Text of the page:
Is `isNaN`' a bad design or a has-to-be design with tradeoffs?

My first programming language is python. And recently I'm learning C and javascript.
In javascript, there is a design which confused me a lot, default the function isNaN.

Put aside its weird exceptions in specification(Which is hard to find), such as isNaN(""), isNaN(["22"]).
The more frustrating thing is that the result of isNaN consumes my thinking energy, though a tiny bit every time, before I established an intuition about it.(Which requires quite a bit of efforts)

But man, we are lazy. And this design does not follow the human instinct.
The examples below records how my brain works when seeing the two types of expressions in python and javascript:

isNaN(n)
false

# THOUGHTS:
# The result of isNaN(n) is false, what does it mean?
# it means n is not a number is false.
# OK, let me think for a while..
# So, I assume it is a number(with hesitation)

type(n) == int
False

# THOUGHTS:
# type(n) == int returns False, what does it mean?
# So it tells us that `the type of n equals int` is false
# So the type of n is not equal to int!
# I think n is not a int.

I think human beings have a tendency to assume everything is True at first.
Thus multiple negative levels on statement will increase our recognition cost.
On this sight of view, the design of isNaN is a bad one, and isN(isNumber) is a better solution for human understanding.
But as a sceptic, I'm wondering there may have some background story about this design, to achieving a important functionality, the author chosen this design as a tradeoff? Was there a good reason, or is this just a design deficiency(in the sense of human friendly)?

The purpose of isNaN is not to check if a value is nummeric or not. It actual purpose is to check if a floating point number has the special value of NaN. The special NaN value is assigned to the results of mathematically impossible operations, like dividing 0/0 or converting an alphabetic string to a number.

However, when you try to use isNaN on a value which is not a floating-point number, Javascript first tries to convert it to a number and then checks if that number has the special NaN value. To make matters more confusing, undefined is also treated as NaN by Javascript, so when the value can not be converted to a number, it is considered NaN.

To protect yourself from headache, only use isNaN when you are really looking for the floating point NaN value.

When you want to know if a variable is a number, use typeof variable == 'number' (the value of NaN is also of type number, by the way). When you want to know if a string can be converted to a number, use isNaN(Number(variable)).

• only use isNaN when you know the argument is a number, more like. Excluding the special case later. – Deduplicator Oct 19 '15 at 11:51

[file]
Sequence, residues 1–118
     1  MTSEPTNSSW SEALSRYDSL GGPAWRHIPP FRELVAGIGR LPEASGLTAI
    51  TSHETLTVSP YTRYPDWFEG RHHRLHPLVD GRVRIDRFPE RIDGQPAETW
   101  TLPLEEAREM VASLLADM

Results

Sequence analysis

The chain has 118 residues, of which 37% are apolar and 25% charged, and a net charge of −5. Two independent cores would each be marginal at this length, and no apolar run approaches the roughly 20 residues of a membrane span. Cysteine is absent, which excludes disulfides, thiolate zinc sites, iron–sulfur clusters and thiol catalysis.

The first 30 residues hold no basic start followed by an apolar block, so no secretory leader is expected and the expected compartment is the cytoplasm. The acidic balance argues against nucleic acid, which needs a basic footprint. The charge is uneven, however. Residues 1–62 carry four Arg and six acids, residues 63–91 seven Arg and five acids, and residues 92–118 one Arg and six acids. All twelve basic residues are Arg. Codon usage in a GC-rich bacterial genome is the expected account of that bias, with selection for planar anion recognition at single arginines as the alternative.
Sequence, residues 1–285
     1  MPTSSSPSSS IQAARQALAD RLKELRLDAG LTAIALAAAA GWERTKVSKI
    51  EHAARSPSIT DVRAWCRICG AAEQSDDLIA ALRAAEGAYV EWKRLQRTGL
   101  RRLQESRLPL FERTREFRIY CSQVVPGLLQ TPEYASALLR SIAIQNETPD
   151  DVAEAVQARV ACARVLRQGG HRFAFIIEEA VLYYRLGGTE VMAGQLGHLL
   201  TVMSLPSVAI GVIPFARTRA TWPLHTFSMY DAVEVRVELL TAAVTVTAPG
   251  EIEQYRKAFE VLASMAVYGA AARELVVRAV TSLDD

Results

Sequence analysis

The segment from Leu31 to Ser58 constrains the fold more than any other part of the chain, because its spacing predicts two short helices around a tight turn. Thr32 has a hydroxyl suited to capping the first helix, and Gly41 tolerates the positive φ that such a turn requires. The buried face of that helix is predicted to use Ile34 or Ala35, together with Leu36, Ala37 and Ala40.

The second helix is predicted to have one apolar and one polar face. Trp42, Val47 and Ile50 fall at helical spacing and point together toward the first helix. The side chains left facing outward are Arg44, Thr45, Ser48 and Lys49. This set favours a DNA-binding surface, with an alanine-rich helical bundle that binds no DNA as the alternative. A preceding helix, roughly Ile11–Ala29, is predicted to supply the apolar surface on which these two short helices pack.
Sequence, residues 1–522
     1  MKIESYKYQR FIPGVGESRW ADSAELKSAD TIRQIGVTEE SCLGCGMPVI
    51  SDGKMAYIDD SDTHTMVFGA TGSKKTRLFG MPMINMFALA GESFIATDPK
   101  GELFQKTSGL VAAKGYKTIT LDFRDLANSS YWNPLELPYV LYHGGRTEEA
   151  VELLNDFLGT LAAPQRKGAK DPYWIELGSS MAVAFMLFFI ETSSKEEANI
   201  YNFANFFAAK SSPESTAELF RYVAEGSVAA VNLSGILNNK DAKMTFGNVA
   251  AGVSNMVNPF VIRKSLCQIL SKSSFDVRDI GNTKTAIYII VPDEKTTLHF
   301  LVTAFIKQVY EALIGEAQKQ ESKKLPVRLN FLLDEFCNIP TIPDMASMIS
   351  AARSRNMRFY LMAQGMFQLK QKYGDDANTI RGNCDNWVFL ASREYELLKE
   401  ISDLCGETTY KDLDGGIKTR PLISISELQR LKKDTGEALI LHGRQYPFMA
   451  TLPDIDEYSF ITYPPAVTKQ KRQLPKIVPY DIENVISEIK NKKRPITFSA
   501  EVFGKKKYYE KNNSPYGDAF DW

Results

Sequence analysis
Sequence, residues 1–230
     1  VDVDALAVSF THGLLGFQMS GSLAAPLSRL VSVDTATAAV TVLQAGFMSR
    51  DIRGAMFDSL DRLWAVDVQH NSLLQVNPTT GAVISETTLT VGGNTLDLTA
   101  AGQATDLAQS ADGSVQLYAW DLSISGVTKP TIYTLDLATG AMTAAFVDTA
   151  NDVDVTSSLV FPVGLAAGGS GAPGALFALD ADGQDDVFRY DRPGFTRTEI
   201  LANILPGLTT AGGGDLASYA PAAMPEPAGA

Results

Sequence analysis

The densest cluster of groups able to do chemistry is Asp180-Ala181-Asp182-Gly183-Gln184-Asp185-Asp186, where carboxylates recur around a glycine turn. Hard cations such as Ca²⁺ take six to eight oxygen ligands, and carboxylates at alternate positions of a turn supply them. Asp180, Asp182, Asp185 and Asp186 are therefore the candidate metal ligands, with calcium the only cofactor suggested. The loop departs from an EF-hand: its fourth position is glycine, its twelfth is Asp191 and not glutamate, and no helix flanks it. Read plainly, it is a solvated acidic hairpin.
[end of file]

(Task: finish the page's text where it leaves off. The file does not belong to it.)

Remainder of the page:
• Good answer, but it contains one imprecision: There is not just one special NaN, but a whole plethora of different values that are treated as NaNs. Especially there is a distinction between signaling and quiet NaNs. However, these are hardware specifics, all languages treat all NaNs exactly the same, so your answer is close enough; I would just recommend to speak of NaNs as plural not as "the special NaN value". – cmaster Oct 19 '15 at 12:35

"Not a Number" (NaN) has its roots in something much larger than JavaScript. You have to go back to 1985 and the IEEE-754 standard for floating point mathematics to understand it. NaNs occur in several ways during mathematical operations (e.g., division of 0 by 0), and isNaN() functions are intended to determine when a putative number is in fact not a number. JavaScript's particular implementation of isNaN() is, unfortunately, a byproduct of its willingness to treat values that aren't obviously numbers as numbers.

• Nitpick: Division by 0 generally results in +/- infinity. Operations that produce NaN include 0/0 and sqrt(negativeNumber). – user7043 Oct 19 '15 at 11:44

Javascript's isNaN is a bit of a botched job on the concept of what Not-A-Number represents. The intent of NaN is to represent indeterminate numerical forms such as 0/0 or ∞/∞, and to represent the result of out-of-range numerical calculations such as sqrt(-1) and asin(2). The ES6 release of ECMAScript addresses this issue by adding the Number.isNaN function. This new function doesn't coerce a non-numeric value into a numeric value before testing. The result of calling Number.isNaN with a non-numeric value is false. This makes it clearer that the purpose of isNaN is to test for a numerical value that does not represent a numerical value.

There's a funny thing about NaNs: Arithmetic comparisons that involves a NaN must always return false. Even x == x (or x===x in javascript) will return false in the special case that x is a NaN. Anything but a NaN will compare equal to itself, yielding a cryptic way of testing whether something is a NaN. Using isNaN(x) does a much better job of conveying intent than does !(x==x).